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I assume everyone here is familiar with the adage that all text files should end with a newline. I've known of this "rule" for years but I've always wondered — why?

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9  
just a nitpick. it's not a "new line" at the end of the file. It's a "line break" at the end of the last line. Also, see the best answer on a related question: stackoverflow.com/questions/16222530/… –  gcb Jul 10 '13 at 16:52
30  
Just to nitpick some more, he didn't actually write “new line”, he wrote “newline”, which is correct. –  sindrenm Jun 5 at 18:28

14 Answers 14

up vote 279 down vote accepted

There's at least one hard advantage to this guideline when working on a terminal emulator: All Unix tools expect this convention and work with it. For instance, when concatenating files with cat, a file terminated by newline will have a different effect than one without:

$ more a.txt
foo$ more b.txt
bar
$ more c.txt
baz
$ cat *.txt
foobar
baz

And, as the previous example also demonstrates, when displaying the file on the command line (e.g. via more), a newline-terminated file results in a correct display. An improperly terminated file might be garbled (second line).

For consistency, it’s very helpful to follow this rule – doing otherwise will incur extra work when dealing with the default Unix tools.

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27  
The "cat" argument is actually the strongest: without the terminal newline, text files would need something else stuck in between them to be correctly combined. –  Brandon Rhodes Jul 29 '10 at 3:49
85  
@MathiasBynens No, that wouldn’t be helpful. cat behaves the way it is supposed to behave: Sometimes you don’t want to insert a newline between things you concatenate. Those programs do everything right, and files work totally consistently on Unix. Note that it’s not files that need to end in a newline: it’s lines in a file. A complete line on Unix is delimited by a newline character, and that is the indicator that any further content should go on a new line. Which makes sense, doesn’t it? –  Konrad Rudolph Sep 5 '12 at 6:45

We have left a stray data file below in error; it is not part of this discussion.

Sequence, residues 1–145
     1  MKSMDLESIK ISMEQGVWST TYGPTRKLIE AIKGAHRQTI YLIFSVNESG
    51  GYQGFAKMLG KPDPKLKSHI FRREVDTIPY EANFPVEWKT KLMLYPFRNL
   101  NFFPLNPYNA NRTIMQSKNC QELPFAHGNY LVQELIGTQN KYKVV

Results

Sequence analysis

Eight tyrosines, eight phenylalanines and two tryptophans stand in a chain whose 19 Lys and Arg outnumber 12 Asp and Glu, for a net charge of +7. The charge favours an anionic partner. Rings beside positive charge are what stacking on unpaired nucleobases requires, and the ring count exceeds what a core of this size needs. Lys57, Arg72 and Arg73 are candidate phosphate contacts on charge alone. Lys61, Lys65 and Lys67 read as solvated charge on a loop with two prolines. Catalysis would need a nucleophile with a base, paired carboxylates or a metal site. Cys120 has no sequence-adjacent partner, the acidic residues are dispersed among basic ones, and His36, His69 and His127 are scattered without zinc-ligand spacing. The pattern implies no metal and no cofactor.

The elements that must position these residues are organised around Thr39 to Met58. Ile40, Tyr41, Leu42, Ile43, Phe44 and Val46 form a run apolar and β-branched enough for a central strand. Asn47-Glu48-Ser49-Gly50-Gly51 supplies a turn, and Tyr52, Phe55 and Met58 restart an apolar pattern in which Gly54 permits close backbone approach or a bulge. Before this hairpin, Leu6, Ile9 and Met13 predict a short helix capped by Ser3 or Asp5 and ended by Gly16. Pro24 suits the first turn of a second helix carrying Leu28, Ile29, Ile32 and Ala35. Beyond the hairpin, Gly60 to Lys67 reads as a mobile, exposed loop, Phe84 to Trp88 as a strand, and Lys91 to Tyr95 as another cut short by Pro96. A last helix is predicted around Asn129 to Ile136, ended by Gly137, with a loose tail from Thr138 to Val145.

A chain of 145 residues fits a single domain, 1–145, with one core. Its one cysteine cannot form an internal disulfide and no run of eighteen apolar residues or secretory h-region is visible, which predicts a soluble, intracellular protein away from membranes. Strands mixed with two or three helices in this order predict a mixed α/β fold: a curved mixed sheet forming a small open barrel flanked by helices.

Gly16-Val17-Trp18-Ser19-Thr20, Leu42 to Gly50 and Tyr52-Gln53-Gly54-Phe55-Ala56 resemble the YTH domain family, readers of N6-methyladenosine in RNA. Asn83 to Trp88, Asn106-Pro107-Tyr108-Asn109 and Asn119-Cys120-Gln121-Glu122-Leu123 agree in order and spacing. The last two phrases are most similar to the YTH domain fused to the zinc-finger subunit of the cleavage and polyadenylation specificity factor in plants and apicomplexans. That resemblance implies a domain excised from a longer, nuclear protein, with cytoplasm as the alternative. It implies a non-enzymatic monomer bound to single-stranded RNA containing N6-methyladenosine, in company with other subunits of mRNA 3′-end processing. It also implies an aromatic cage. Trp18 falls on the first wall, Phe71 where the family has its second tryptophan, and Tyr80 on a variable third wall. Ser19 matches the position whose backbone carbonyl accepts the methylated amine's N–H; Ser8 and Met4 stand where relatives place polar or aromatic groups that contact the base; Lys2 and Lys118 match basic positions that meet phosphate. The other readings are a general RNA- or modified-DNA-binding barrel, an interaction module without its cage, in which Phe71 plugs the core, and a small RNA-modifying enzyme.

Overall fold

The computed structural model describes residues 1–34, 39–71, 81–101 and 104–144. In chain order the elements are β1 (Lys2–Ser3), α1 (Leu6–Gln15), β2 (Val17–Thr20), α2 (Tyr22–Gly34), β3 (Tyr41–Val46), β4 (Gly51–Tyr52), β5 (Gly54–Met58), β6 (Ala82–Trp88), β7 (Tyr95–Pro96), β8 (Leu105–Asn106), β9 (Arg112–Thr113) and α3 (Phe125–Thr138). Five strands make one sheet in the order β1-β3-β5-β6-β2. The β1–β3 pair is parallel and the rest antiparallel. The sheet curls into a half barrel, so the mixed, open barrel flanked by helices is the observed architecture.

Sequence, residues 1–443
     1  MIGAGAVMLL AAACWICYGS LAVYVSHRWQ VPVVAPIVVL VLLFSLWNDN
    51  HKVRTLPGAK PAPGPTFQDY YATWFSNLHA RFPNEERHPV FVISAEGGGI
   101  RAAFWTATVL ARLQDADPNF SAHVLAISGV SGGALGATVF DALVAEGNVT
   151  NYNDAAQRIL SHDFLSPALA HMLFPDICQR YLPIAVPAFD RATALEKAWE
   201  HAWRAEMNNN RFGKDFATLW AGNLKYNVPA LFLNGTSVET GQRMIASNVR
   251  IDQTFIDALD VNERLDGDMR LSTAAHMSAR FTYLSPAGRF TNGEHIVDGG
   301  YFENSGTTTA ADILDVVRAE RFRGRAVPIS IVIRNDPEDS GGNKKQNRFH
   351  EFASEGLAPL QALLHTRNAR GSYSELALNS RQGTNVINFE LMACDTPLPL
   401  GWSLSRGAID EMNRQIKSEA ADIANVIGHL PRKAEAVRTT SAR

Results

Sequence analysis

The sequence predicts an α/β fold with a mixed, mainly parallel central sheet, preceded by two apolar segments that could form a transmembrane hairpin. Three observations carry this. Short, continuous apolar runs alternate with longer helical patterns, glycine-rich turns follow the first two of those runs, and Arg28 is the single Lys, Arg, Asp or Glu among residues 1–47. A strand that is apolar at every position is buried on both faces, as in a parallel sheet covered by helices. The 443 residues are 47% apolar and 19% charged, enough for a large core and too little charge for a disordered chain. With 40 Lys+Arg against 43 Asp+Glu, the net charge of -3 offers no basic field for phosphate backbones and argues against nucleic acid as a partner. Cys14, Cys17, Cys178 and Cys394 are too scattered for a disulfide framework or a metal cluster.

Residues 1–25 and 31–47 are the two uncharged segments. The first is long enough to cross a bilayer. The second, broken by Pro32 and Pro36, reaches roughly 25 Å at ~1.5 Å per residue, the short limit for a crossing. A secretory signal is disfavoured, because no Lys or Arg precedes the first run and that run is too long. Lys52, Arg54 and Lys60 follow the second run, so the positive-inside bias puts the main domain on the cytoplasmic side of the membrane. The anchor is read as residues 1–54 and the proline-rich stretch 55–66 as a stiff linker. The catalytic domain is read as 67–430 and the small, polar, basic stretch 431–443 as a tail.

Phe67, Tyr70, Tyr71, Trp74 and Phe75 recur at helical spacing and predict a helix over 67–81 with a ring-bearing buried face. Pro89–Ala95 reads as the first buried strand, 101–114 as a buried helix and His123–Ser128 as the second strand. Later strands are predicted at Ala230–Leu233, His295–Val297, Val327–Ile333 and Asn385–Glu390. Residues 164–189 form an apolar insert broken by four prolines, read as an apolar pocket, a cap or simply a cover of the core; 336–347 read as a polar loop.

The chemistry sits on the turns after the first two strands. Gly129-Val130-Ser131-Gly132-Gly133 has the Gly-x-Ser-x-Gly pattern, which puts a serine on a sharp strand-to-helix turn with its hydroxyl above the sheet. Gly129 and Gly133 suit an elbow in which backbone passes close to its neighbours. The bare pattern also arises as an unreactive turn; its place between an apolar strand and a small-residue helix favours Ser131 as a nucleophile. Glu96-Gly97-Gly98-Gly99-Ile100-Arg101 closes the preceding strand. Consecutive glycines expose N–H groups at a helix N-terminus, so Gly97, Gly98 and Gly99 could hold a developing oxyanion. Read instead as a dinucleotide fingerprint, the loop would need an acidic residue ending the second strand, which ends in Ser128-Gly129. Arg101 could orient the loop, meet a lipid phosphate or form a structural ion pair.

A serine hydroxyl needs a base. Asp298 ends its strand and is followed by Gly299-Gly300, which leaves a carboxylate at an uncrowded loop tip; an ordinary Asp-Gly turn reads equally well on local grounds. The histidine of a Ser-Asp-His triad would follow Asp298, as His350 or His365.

19  
to add to this, I recently found out that a loop using read would miss the last line if the file doesn't end with a newline. –  doubleDown Oct 20 '12 at 7:17
14  
similar to this, it's nice to be able to do echo 'some-new-file' >> .gitignore which won't work if the .gitignore doesn't end with a newline –  hdgarrood Jan 18 '13 at 0:06
16  
great point - having lines end in some kind of terminator seems very reasonable come to think of it. I suppose one can think of "newline" not as "newline" but "endofoldline" –  Mala Feb 4 '13 at 21:27

Each line should be terminated in a newline character, including the last one. Some programs have problems processing the last line of a file if it isn't newline terminated.

GCC warns about it not because it can't process the file, but because it has to as part of the standard.

The C language standard says A source file that is not empty shall end in a new-line character, which shall not be immediately preceded by a backslash character.

Since this is a "shall" clause, we must emit a diagnostic message for a violation of this rule.

This is in section 2.1.1.2 of the ANSI C 1989 standard. Section 5.1.1.2 of the ISO C 1999 standard (and probably also the ISO C 1990 standard).